Wednesday, 23 October 2019 | 20:00BST | London

Wednesday, 23 October 2019 | 15:00EDT | New York

Thursday, 24 October 2019 | 06:00AEDT | Sydney

Check the Date & Time in Your Country/Zone

Lecture 4

Imaging Strategy for the Spinal Patient

Dr. Shannon Holmes

DVM, MSc, DACVR - AXIS - Animal Cross-Sectional Imaging Specialists (Founder) - MRI Subspecialization


Patients presenting with clinical signs that localize to the cervical, thoracic or lumbosacral spine are challenging because the majority of disease involves the soft tissues within the osseous vertebrae. An additional challenge in the small size of the canine and feline spinal cord and nerves. Clinicians have various option, but most commonly radiography, computed tomography (CT) and magnetic resonance imaging (MRI) are used. The benefits and limitations of each of these modalities will be discussed with case examples that have been evaluated with multiple modalities. The cost-benefit of each modality will also be discussed so an understanding of both clinical and economical decisions is gained, as the latter can impact both the owner and clinician managing these cases. Commonly encountered spinal diseases in canine and feline patients will be reviewed in light of diagnostic imaging results and clinical outcomes.

Thursday, 24 October 2019 | 01:00BST | London

Wednesday, 23 October 2019 | 20:00EDT | New York

Thursday, 24 October 2019 | 11:00AEDT | Sydney

Check the Date & Time in Your Country/Zone

Lecture 5

Video Tour of Tremor and Myoclonus

Dr. Laurent Garosi

DVM, FRCVS, DipECVN – RCVS recognised specialist in veterinary neurology & EBVS® European specialist in veterinary neurology – Clinical Lead in Teleneurology, CVS referral, UK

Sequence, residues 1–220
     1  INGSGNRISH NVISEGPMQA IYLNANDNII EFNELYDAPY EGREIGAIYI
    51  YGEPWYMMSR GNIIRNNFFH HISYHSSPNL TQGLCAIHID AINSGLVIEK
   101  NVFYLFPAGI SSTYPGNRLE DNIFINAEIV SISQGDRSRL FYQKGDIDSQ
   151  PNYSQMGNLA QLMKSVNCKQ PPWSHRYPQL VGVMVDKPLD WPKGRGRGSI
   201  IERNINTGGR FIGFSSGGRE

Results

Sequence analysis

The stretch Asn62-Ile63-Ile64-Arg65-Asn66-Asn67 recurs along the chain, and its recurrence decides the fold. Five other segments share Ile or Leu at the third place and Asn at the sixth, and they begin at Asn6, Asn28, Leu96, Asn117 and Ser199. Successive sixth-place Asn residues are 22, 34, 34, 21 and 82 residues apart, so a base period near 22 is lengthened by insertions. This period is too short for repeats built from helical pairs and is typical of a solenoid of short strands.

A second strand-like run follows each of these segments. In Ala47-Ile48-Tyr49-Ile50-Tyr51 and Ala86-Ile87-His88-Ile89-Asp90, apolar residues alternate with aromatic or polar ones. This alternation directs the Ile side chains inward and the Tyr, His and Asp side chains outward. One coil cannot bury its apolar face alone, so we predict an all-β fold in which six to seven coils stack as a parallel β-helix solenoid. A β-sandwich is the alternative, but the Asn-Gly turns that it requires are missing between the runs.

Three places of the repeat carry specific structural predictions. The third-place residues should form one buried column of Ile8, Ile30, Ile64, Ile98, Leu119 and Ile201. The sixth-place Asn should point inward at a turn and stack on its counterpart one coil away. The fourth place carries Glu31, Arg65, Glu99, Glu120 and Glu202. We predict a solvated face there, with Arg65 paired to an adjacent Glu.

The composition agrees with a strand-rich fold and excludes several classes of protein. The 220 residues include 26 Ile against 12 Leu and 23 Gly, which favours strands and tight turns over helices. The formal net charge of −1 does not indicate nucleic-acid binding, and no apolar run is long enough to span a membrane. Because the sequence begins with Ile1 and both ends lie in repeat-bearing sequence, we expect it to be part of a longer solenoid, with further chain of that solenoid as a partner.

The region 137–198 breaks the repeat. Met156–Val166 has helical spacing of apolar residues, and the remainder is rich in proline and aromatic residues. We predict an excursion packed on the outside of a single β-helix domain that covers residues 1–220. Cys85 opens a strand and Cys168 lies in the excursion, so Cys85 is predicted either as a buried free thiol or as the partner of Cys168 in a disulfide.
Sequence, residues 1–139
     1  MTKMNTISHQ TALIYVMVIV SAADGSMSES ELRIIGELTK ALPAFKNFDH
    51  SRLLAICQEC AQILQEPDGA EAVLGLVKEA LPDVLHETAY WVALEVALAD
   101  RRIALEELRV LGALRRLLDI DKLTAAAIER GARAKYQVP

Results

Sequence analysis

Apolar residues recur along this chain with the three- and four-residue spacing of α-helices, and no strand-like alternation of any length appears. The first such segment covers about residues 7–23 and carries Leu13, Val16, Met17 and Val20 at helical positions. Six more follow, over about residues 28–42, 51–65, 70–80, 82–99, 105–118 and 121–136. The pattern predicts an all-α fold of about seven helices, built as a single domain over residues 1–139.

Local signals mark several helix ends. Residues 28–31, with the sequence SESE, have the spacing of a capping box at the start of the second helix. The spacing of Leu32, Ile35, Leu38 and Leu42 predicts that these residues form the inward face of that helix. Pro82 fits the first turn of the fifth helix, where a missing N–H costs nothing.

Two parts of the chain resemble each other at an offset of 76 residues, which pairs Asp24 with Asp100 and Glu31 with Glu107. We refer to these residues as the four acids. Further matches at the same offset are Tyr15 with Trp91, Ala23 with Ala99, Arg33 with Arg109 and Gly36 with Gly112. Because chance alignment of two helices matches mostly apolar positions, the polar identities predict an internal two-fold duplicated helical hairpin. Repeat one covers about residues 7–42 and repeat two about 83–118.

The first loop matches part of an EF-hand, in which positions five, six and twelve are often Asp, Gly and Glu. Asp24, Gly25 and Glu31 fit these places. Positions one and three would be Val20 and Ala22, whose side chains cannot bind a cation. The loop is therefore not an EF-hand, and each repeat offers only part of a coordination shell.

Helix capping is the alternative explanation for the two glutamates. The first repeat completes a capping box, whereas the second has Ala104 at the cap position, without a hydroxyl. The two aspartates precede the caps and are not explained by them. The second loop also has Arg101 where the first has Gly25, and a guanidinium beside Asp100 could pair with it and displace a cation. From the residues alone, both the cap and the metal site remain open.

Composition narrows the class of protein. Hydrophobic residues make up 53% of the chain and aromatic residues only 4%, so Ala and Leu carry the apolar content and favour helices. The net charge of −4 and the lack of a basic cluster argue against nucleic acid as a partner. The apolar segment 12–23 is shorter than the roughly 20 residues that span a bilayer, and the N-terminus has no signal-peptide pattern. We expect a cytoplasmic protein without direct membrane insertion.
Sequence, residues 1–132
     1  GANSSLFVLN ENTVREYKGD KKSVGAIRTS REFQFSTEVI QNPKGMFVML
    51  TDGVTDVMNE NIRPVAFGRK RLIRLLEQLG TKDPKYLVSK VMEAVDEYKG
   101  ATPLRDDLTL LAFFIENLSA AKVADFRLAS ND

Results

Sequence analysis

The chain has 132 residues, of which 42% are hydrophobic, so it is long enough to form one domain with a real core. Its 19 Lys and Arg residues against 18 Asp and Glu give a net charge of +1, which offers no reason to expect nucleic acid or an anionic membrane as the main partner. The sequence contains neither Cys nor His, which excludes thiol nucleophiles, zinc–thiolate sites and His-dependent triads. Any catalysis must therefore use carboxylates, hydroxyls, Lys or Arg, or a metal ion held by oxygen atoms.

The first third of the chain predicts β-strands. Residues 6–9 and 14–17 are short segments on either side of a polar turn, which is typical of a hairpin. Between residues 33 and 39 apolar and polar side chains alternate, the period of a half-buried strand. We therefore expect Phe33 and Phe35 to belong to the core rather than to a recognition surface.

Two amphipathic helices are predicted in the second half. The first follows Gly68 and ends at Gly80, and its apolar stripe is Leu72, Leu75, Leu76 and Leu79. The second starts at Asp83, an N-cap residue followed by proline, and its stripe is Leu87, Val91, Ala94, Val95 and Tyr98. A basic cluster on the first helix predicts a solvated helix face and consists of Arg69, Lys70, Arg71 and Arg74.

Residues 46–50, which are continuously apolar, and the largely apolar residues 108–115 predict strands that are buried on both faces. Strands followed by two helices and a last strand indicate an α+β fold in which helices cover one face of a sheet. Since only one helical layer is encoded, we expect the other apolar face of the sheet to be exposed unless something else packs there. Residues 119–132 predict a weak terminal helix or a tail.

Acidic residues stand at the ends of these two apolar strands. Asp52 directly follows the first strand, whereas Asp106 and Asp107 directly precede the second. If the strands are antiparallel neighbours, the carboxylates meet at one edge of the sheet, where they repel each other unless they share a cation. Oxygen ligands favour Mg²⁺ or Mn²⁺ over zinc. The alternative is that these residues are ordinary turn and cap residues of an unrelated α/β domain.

Tremor is an involuntary, rhythmic, oscillatory movement of a body part. It is the most common movement disorder encountered in the human field yet there is no diagnostic standard to distinguish among common types of tremor, which can make the evaluation challenging. Tremors can be divided into resting tremors and action-related (also known as kinetic) tremors. Resting tremor is present only during rest. The most common example in humans is Parkinson’s disease secondary to degeneration of the substantia nigra. The condition has not been recognised in domestic animals. Action-related tremor occurs following initiation of voluntary movement and worsens with increasing levels of activity while it disappears with rest. Action-related tremor can be classified in veterinary patient as postural or kinetic. Myoclonic movements are sudden, brief, shock-like involuntary movements. Myoclonic muscle contractions are mostly accompanied by some movement of the affected body segment, in contrast to, for example, fasciculations or myokymia, where the twitches remain within the affected body segment and movement is not observed. In veterinary medicine, they can be classified as epileptic or non-epileptic myoclonus. This presentation will provide you with a video tour of all these different types of tremor and myoclonus seen in veterinary medicine.

Thursday, 24 October 2019 | 20:00BST | London

Thursday, 24 October 2019 | 15:00EDT | New York

Friday, 25 October 2019 | 06:00AEDT | Sydney

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Lecture 6

Emergency Management of Metabolic Encephalopathies

Dr. Philip Judge

BVSc MVS PG Cert Vet Stud MACVSc (Vet. Emergency and Critical Care; Medicine of Dogs) - Emergency and Critical Care Veterinarian - Director and Education Coordinator, Vet Education Pty Ltd.


Metabolic encephalopathies may result from a wide range of medical and surgical conditions, including hepatic encephalopathy, kidney failure, electrolyte disorders, endocrine disorders, toxins, and nutritional disorders, among others. This presentation will review the most common presentations, how to obtain a working diagnosis, and how to select appropriate treatments for the patient – including not only correction of the underlying disorder, but the management of secondary brain injury, that can result from the encephalopathy.